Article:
In tackling such polygenic disorders, Bell (2010) recommended the use of breeding values which take into account all  genetic and phenotypic information available for the individual and its close relatives (including siblings). Healthy individuals with healthy relatives are likely to be the best animals to use for breeding (Bell 2010). To develop a breeding strategy based on breeding values in a country will require the cooperation of the majority of Bloodhound breeders in that country. Progress towards breeding a population with normal eyelids may not be quick and opinions differ as to whether it is ethically acceptable to breed animals whose welfare is likely to be compromised.


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1. Clinical and pathological effects

The eyelid of a dog is composed of three layers of tissue: the outer layer is of skin with eyelashes (in dogs only the upper lids have eyelashes), hair and sebaceous glands. The middle layer is of muscle, meibomian glands and collagenous connective tissue, and the inner layer is the conjunctiva (Renwick 2007). Conjunctival tissue lines the inner surface of both eyelids and part of the outer surface of the eyeball itself. Dogs also have a third eyelid, or nictitating membrane, which comes from the inner corner of the eye and which is also covered by the conjunctiva.

Eyelids are vital for the health of the eye surface. They provide physical protection, help spread the tear film that keeps the surface of the eye moist and remove debris during blinking. They also carry the lacrimal ducts that drain away excess tears (Renwick 2007). To perform these functions effectively, the eyelids need to have smooth edges that are in constant contact with the surface of the eye at all times (Renwick 2007).

Entropion is a condition in which the eyelid or part of an eyelid (and with it the eyelashes) turns inward. Generally, the lower eyelids are more often affected but in the Shar pei upper eyelids are also often involved (Helper 1989). Entropion results in irritation of the globe of the eye through repeated contact with facial hairs and eyelashes. This leads to increased tear production, conjunctivitis (inflammation of the conjunctiva -the tissues lining the eyelids), keratitis (inflammation of the cornea -the clear front surface of the eye) and abrasion and ulceration of the cornea.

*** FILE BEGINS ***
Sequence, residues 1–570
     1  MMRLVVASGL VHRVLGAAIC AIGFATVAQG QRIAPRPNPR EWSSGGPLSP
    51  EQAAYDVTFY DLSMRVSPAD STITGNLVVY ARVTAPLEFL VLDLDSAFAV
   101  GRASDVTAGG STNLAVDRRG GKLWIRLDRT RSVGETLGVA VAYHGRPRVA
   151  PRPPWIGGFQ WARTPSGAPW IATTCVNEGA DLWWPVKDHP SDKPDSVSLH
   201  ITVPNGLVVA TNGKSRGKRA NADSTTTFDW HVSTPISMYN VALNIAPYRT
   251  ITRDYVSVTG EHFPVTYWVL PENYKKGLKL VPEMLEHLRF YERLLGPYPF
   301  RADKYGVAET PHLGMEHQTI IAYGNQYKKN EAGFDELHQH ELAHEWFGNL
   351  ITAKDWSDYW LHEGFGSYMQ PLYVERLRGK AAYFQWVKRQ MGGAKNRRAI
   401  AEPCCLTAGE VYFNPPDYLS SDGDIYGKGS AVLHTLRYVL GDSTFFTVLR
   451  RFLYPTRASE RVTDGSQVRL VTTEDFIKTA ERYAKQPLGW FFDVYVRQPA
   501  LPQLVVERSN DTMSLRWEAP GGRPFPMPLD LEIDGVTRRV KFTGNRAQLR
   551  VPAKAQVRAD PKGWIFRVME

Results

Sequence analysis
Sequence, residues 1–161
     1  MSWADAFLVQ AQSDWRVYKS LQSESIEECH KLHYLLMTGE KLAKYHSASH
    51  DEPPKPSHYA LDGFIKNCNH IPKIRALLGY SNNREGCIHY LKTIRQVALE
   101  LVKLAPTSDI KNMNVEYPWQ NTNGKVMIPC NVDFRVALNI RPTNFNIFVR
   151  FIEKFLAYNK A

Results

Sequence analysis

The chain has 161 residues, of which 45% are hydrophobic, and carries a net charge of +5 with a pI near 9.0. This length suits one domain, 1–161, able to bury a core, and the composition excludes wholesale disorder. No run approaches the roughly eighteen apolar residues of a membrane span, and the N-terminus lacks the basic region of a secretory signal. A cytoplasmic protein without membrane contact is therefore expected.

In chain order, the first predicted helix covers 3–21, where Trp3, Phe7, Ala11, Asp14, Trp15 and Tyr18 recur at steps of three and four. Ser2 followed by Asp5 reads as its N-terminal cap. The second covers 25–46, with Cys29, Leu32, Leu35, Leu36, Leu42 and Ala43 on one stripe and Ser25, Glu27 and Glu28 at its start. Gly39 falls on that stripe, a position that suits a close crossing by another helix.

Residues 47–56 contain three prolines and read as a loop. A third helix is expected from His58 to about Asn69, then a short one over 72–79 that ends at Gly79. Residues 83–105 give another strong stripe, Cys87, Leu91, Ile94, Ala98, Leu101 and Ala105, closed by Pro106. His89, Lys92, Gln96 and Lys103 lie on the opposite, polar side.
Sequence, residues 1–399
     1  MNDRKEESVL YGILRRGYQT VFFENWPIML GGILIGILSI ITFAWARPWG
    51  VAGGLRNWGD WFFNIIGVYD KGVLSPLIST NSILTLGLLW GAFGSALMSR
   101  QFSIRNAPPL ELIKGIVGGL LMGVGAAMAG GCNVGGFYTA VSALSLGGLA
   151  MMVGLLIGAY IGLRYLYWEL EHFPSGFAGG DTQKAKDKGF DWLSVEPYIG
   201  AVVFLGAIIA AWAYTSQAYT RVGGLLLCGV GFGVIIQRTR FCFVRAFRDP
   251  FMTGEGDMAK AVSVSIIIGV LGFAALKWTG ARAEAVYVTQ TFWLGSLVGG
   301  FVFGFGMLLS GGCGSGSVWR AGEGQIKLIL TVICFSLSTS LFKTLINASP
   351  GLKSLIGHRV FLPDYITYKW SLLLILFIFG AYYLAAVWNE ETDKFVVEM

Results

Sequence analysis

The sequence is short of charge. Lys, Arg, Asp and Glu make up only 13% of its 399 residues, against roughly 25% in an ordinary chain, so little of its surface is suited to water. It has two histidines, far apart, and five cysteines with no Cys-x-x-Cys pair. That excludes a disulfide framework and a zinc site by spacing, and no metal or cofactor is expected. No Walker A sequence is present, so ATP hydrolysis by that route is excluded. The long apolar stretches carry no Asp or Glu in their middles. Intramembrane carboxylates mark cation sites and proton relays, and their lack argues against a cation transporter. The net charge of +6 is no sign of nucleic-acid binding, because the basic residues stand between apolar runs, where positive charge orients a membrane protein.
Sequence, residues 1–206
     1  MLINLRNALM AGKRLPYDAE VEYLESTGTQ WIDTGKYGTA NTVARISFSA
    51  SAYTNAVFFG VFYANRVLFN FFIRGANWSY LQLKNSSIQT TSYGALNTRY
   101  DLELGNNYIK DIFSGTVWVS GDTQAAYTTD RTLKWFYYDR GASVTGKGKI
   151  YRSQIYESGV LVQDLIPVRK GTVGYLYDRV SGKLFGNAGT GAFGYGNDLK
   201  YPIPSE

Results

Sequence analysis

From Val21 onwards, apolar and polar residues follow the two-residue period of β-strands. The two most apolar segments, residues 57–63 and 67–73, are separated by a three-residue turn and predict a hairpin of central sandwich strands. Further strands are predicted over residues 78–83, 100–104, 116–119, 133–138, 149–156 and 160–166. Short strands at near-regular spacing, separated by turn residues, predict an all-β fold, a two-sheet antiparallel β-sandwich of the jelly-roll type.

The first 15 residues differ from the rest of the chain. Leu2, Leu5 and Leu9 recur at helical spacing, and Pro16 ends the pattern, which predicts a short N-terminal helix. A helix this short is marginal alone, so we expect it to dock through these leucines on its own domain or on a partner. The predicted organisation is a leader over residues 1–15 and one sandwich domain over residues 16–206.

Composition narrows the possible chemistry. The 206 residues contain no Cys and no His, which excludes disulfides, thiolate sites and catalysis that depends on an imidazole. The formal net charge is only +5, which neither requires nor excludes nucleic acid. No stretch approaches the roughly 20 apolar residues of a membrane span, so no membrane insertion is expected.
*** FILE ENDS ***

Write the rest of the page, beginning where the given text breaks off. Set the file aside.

Increased tear production may lead to constant wetting of skin around the eyes which, in turn leads to irritation and secondary infection of the skin. A painful eye tends to be tightly held shut (blepharospasm). In itself this blepharospasm causes muscle pain and may cause the eyelid to rub still more on the eye (called spastic entropion). A painful eye suffers further from photophobia - the sensation that pain is worse when stronger light is falling upon it. When there is conjunctivitis, there may be a discharge from the eye and where there is secondary infection this may be pusy. Infection may also affect the cornea. In response to longer-term corneal damage, blood vessels grow into it as part of an attempted repair mechanism, and the cornea becomes opaque and white in colour due to scar tissue (Renwick 1996, van de Woerdt 2004). This, and the holding shut of the eyelids both cause blindness. Blindness due to corneal opacities may be permanent, even if the entropion is subsequently corrected using surgery (Moore 1993).

In most breeds entropion is caused by having loose eyelids; however in Shar pei it is a compound effect of breed characteristics, including small deep-set eyes with a narrow ocular opening (termed  micropalpebral fissure) (Ramsey 2001); many Shar pei have excessive, heavy wrinkling due to a genetic mutation which increases the amount of hyaluronan in the skin, causing the skin, including that of the eyelids, to be thickened and heavy (http://www.sharpei-clubofgb.co.uk/page.php?page_ID=120). Both brow ptosis – the presence of excessive folds on the head above the eyes, and facial folds – excessive skin on the cheeks, can contribute to entropion (Barnett 1988, van de Woerdt 2004). Mild cases have lateral lower eyelid entropion, however, severe cases can involve much of both the lower and upper lids (Renwick 2007). Bedford (2006) suggests extensive entropion is frequent in Shar pei. All of these complications can mean that entropion in Shar pei is more difficult to surgically correct than in other dogs, more extensive and multiple surgeries may be needed, with consequentially a greater impact on the dog’s well being.